What I enjoyed the most in Holy Sister were how the two narratives—the events that occur immediately after the end of Grey Sister and the events leading up to the battle outside the Emperor’s Palace—converge into one narrative and one plot. At first, readers will wonder whether or not the two narratives are related; however, similar to Abbess Glass’ plans and intentions, Lawrence knows how he wants to tell Nona’s story. Readers have no choice but to continue reading and hoping that everything will come together as it should. And, in this case, the author achieves this and much more. All of the pieces arrange themselves into the story that is Nona’s education and growth into a fierce warrior with the struggle of gaining and wielding control over others for a desired utopia. This novel reminds readers that one thing is easy to achieve while the other leads to numerous conflicts. This is the reality hidden within the fantasy.

The story Lawrence presents here is the short term versus the long run. In Holy Sister, the prophecy of the “Chosen One” is fulfilled (with its own twist within the interpretation) and war arrives—and ends—in Abeth. At the same time, the schemes and the ambitions of several characters, ones that started during Red Sister, continue to play out during the war. While this is disturbing for obvious reasons, it demonstrates the choices people make because of war. Looking back throughout the trilogy, several characters made choices as a result of the then upcoming war. Some tried to prevent it, some did everything in their power to be on the winning side, and some used the war as a way to fulfill their own ambitions. This occurs a lot both in fiction, and in real life. The catch here is wars and prophecies focus on one event, while the long run goes beyond those events. All of these characters wanted power which would last in the long run, but most of them didn’t consider that they could lose along the way. The choices made were not always for the good of everyone, and power (and luck) determines the victor in most wars. Yet, people die in war and wars end eventually. The characters who considered the long run and survived the war, get the opportunity to see those ambitions fulfilled. Those who did NOT plan for the long run saw their ambitions die with them.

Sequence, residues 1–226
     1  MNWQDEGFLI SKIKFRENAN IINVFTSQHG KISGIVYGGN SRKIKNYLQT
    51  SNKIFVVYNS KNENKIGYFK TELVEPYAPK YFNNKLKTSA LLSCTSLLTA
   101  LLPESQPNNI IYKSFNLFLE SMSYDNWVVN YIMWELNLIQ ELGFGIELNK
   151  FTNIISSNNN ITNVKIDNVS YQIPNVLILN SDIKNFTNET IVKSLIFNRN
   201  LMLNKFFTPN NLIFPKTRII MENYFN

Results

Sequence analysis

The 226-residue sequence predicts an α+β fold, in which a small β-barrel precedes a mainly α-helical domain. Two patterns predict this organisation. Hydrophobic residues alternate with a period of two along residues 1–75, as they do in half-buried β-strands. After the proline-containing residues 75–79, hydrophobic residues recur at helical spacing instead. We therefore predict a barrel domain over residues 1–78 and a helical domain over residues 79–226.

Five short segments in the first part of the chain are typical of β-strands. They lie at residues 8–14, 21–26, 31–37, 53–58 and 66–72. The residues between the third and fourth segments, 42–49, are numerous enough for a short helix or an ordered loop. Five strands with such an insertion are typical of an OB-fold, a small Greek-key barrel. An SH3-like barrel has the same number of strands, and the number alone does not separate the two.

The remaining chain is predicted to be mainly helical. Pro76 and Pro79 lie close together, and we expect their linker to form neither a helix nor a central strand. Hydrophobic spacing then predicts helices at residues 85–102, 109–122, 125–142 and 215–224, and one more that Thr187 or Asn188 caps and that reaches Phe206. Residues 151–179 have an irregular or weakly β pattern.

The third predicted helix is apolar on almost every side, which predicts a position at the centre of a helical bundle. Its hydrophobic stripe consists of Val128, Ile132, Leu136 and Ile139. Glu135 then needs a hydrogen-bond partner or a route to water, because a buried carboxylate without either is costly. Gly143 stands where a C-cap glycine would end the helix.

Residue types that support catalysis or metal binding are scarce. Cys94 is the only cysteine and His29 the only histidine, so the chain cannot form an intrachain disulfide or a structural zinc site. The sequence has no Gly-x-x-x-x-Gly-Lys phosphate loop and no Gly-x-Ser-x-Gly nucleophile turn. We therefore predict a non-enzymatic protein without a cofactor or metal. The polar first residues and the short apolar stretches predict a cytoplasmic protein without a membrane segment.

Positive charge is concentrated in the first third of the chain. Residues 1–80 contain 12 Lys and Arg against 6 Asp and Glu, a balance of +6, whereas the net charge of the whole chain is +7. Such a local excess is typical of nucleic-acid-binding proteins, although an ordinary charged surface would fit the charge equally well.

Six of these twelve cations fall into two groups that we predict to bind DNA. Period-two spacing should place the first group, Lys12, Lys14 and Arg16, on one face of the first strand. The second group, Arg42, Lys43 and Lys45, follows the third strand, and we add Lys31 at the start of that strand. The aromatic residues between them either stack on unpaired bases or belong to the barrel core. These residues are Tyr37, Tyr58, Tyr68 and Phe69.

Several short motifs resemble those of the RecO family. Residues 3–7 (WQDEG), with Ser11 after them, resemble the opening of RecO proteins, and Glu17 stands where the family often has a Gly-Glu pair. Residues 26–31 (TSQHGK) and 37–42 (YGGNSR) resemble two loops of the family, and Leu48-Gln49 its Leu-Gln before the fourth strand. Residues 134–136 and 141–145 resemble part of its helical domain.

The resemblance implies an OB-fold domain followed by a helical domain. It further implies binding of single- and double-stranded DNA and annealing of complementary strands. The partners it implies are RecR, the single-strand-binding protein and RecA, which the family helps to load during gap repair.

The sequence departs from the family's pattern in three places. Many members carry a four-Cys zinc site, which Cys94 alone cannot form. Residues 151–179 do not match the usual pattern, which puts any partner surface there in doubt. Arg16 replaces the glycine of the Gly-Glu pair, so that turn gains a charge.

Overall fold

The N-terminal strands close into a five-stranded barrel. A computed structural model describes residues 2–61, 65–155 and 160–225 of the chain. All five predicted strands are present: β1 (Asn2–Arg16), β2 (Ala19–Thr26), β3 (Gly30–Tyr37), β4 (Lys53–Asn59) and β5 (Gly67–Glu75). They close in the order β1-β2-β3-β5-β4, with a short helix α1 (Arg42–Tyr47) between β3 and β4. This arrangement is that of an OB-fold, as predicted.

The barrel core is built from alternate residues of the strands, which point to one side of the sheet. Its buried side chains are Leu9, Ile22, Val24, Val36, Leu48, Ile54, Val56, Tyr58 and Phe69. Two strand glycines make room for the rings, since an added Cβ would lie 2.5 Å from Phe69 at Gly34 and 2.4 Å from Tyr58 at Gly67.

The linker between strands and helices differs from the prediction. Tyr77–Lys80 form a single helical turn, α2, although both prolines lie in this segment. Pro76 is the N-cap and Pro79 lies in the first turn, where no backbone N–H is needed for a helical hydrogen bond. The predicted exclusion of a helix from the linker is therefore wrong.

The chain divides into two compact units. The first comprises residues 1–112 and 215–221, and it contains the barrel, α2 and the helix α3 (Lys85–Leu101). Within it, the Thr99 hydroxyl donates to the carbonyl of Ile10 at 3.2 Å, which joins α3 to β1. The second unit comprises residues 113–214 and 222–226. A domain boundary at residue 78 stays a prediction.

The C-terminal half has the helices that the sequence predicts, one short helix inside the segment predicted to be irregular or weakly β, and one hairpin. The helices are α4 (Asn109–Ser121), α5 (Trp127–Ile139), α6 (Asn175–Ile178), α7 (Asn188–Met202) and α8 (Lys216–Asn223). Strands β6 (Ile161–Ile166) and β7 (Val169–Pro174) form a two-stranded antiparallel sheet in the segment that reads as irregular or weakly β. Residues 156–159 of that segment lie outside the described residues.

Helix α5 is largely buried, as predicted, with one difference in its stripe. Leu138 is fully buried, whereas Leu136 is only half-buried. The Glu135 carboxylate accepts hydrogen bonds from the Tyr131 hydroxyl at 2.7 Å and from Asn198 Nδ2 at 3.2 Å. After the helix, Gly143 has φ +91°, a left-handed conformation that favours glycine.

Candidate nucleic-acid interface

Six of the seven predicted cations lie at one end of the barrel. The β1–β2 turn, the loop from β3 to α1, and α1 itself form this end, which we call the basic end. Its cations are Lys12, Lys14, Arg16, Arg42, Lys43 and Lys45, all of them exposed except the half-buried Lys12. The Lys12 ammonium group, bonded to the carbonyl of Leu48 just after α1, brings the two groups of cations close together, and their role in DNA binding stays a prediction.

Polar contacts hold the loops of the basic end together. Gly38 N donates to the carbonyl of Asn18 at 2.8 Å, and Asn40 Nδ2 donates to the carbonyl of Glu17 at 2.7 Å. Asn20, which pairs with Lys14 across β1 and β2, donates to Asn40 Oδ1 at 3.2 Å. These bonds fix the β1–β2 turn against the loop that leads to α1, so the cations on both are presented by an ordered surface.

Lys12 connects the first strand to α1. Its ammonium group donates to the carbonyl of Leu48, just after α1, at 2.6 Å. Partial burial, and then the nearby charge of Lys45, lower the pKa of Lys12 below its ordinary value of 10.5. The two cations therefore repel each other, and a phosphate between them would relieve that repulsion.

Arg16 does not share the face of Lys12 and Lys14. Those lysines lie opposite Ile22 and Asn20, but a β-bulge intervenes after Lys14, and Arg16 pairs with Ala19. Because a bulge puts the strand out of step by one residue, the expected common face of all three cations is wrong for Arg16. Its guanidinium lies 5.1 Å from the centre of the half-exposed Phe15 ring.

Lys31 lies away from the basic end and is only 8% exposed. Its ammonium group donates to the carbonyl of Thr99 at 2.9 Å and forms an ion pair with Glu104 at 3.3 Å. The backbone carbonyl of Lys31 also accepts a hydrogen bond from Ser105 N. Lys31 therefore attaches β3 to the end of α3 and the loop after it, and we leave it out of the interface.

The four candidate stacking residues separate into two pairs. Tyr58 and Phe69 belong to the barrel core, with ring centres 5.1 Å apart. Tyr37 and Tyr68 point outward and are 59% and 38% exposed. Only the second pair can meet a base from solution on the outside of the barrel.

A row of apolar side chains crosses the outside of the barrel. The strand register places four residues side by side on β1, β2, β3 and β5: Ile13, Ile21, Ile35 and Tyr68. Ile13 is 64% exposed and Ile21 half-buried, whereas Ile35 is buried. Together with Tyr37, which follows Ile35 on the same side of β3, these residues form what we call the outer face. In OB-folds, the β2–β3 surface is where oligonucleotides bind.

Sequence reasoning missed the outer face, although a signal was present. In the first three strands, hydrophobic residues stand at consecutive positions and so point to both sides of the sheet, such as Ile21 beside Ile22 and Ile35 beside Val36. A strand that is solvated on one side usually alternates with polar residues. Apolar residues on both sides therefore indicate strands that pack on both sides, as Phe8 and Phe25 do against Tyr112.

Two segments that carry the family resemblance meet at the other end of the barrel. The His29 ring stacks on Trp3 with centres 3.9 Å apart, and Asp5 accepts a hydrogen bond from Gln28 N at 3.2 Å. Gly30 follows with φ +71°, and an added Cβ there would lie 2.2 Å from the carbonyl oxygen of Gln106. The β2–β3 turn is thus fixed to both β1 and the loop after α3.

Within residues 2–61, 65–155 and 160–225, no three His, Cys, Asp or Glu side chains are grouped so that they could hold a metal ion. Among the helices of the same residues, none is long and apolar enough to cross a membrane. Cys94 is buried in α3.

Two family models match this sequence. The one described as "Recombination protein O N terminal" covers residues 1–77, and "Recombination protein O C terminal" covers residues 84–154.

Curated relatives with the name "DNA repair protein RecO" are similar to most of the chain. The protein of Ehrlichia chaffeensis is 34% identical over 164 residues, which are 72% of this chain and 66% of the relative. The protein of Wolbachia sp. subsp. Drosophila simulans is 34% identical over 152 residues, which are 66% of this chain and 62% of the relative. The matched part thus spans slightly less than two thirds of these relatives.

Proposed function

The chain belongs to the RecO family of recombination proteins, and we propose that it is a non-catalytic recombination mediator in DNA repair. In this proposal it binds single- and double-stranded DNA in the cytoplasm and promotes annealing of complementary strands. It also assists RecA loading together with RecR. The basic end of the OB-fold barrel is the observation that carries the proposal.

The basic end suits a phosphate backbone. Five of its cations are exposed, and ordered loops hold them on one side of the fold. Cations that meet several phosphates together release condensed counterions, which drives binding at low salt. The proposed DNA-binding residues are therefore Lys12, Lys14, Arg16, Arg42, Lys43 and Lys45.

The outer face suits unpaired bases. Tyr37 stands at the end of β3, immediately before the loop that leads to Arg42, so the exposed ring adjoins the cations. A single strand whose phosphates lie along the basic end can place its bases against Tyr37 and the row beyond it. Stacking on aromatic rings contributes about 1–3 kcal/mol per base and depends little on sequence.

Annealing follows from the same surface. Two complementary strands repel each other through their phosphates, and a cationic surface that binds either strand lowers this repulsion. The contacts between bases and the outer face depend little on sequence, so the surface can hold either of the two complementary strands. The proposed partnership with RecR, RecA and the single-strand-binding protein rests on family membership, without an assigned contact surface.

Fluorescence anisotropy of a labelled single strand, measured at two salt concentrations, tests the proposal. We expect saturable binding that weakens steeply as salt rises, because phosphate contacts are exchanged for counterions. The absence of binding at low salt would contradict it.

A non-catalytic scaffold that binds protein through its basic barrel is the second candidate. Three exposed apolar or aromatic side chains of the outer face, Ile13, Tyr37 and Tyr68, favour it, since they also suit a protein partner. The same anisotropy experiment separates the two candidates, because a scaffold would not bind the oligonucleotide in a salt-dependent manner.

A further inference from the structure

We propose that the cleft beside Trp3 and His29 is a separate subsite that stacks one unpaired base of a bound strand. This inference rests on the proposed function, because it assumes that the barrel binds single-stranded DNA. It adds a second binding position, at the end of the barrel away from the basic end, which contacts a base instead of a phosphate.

Holy Sister is the conclusion to the Book of the Ancestor trilogy. And yet, the way this story was presented will have readers believing that Nona’s story is as real as someone in our world. Lawrence’s approach in tying everything together and addressing forgotten moments in Nona’s life provides an ending that is satisfying. If readers were concerned that Holy Sister would have an ambiguous ending, then they have nothing to worry about because all of the characters are given a believable resolution by the author.

Holy Sister is an amazing ending to this wonderful trilogy. The action is built up by Lawrence through his characters leaves readers with a conclusion that is audacious and poignant. The pacing and the worldbuilding provide answers to the questions the characters and the readers had throughout the trilogy. This novel demonstrates the excellence of this series and it should NOT be missed.

Share

One Comment

  1. Avatar Yora says:

    How many books does Mark Lawrence write per year? There seems to be a new one every other month.

Leave a Comment